W. W. Chapman
 
W. W. Chapman was recorded as a member of the Ruhleben Lancastrian Society in the Manchester Guardian of January 15th 1915 (p.12). The article is entitled "Interned in Germany: Lancashire's Civilian Prisoners: Full List of Those Detained at Ruhleben". His address was recorded as 51 Withnell Road, S.S., B'pool.
 
 
W. W. Chapman
 
Another W. W. Chapman was recorded as a member of the Ruhleben Lancastrian Society in the Manchester Guardian of January 15th 1915 (p.12). The article is entitled "Interned in Germany: Lancashire's Civilian Prisoners: Full List of Those Detained at Ruhleben". His address was recorded as 18 New Cannon Street, M/c.
 
 

Charke
 
Mr. Charke is noted in a document in FO 369/710 as having been sent to Ruhleben on 9 SEP 1914. The information originally was compiled by the American Embassy in Berlin. No other information is given for him.
 
 
John Charlton
 
From the handbook of the Ruhleben Football Association Season 1915, John Charlton was noted as being from 147 Grandly Lane, Erdington, and as having been born in Birmingham in 1894. He worked as a mariner and was arrested in Hamburg on 16 OCT 1914. After a brief spell imprisoned on the hulks in Hamburg, he was sent to Ruhleben, where he was interned in Barrack 8.
 
 
Charnley
 
Charnley was named in the second issue of the Ruhleben Camp Magazine (April 1916, p. 32) as being a recent inclusion to the camp's Barbarians rugby team, and as having been a recent member of the United Services squad.
 
 

William Norman Charnley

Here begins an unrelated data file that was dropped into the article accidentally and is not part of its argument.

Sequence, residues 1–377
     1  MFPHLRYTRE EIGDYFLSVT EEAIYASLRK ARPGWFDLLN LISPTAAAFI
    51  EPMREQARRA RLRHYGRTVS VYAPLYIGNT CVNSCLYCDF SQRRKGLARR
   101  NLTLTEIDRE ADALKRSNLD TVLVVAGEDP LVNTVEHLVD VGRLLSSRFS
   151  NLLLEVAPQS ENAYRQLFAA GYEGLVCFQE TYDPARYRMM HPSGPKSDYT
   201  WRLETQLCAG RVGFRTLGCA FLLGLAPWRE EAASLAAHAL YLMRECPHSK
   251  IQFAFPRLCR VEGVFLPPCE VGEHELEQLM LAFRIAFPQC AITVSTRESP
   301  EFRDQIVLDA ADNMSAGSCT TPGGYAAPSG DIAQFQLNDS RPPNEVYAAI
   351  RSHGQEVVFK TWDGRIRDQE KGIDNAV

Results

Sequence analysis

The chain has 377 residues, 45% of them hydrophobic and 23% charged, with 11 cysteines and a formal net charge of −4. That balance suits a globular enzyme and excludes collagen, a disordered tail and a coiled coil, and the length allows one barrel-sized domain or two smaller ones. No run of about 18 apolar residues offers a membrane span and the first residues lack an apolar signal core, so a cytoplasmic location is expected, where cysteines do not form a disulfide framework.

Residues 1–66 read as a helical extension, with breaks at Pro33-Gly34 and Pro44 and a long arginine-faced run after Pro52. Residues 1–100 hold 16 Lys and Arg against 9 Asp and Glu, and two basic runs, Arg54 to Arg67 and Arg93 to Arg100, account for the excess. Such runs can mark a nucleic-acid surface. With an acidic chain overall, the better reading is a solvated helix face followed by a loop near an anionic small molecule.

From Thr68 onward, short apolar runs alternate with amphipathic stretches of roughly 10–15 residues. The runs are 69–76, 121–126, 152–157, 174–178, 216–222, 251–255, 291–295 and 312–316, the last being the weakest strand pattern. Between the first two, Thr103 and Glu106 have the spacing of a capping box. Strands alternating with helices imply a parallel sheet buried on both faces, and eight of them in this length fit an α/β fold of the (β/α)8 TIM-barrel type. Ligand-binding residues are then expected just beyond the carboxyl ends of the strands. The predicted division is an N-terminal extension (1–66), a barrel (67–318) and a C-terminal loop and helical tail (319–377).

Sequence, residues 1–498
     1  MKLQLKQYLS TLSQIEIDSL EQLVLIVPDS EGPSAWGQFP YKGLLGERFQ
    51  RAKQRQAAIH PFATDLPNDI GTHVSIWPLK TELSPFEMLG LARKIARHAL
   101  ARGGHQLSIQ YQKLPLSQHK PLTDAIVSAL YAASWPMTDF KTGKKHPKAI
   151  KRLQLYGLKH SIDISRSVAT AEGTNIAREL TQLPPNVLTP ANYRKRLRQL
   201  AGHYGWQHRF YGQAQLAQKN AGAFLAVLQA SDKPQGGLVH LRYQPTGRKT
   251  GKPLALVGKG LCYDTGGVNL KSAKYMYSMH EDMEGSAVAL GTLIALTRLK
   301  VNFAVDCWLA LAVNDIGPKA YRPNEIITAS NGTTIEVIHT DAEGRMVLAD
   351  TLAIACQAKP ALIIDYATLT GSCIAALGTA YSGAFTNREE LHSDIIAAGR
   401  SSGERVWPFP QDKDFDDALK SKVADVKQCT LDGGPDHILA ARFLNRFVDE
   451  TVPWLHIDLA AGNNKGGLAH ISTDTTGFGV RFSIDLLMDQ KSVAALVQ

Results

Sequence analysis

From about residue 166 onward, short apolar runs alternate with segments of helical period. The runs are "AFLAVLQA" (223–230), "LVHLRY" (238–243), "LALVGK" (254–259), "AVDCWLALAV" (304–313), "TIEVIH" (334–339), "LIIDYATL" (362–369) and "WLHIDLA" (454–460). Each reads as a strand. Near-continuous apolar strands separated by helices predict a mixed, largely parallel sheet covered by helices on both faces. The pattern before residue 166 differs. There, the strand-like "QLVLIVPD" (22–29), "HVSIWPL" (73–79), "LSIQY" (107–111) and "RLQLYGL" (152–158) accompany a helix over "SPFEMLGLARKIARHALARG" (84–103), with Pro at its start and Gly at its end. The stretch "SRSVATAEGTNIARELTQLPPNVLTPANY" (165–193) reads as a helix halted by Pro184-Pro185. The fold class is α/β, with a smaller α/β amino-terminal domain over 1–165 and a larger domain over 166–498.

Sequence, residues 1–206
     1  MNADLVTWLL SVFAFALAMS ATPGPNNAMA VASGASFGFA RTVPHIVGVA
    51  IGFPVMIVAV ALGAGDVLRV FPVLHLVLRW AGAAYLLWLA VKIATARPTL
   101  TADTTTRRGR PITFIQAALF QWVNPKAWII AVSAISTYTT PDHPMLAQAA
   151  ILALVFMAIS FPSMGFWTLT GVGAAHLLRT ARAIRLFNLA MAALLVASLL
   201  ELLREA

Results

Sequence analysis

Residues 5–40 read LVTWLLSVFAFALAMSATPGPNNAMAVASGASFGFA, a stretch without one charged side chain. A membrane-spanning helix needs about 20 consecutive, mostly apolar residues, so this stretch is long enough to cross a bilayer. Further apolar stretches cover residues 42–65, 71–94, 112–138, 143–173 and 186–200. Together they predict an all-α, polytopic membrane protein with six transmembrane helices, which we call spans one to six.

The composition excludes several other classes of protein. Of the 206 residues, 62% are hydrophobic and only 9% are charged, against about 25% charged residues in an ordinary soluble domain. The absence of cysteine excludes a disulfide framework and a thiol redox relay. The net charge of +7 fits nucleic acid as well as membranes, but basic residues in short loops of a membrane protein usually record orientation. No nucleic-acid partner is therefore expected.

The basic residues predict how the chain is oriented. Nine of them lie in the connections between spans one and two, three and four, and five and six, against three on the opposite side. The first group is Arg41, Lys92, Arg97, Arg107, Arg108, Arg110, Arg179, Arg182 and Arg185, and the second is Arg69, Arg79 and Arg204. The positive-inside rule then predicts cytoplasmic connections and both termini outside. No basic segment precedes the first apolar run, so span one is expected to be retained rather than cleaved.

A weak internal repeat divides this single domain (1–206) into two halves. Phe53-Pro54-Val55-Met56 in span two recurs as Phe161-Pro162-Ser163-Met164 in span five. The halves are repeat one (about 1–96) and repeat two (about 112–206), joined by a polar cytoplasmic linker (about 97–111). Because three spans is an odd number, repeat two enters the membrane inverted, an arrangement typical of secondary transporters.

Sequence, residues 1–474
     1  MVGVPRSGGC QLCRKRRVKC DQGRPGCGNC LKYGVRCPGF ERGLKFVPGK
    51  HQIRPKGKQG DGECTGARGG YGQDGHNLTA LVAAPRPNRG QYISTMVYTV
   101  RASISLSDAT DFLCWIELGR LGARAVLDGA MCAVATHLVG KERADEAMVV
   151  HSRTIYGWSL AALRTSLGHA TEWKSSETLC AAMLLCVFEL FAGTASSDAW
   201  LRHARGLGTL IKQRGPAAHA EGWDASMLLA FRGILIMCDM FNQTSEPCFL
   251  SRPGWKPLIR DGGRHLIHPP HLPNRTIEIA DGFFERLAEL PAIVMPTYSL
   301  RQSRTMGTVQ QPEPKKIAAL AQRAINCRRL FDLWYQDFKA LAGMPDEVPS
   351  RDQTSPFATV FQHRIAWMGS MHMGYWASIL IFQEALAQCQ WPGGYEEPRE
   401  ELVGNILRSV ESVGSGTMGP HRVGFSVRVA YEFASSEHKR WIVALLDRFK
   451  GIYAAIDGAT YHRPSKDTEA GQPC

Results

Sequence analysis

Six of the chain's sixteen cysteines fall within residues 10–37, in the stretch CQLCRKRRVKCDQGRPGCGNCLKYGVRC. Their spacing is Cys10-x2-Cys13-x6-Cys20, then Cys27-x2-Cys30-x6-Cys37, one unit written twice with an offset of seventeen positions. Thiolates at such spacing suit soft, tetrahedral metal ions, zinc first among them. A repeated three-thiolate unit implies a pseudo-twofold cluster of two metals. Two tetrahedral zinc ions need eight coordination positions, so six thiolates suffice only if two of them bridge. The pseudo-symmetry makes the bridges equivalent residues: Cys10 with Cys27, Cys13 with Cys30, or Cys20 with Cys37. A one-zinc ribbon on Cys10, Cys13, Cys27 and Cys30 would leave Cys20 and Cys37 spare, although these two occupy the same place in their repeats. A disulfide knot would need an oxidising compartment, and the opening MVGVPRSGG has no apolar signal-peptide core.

From the handbook of the Ruhleben Football Association Season 1915, we learn that William Norman Charnley was from High Mount, Blackburn, and was born in Blackburn on 8 JUN 1894. He was arrested in Hamburg on 6 NOV 1914, and after a brief period of imprisonment on the hulks, he was sent to Ruhleben, where he was interned in Barrack 4.
 
The Liddle Collection of Leeds University holds various items on Ruhleben prisoner W. M. Charnley (sic), which were placed in their hands by his son P. R. Charnley. These include a diary, initially of a holiday but then of his internment at Ruhleben, from between July 30th and December 10th 1914; three issues of 'In Ruhleben Camp' from July 11th 1915, September 12th 1915, and October 1915; six photographs from 1917; and a Christmas Dinner menu from 1942. The online index to the collection tells us that Charnley was arrested whilst on holiday in Hamburg and interned at Ruhleben. He later served as a Flight Lieutenant in the Second World War. The items can be found at RUH 09.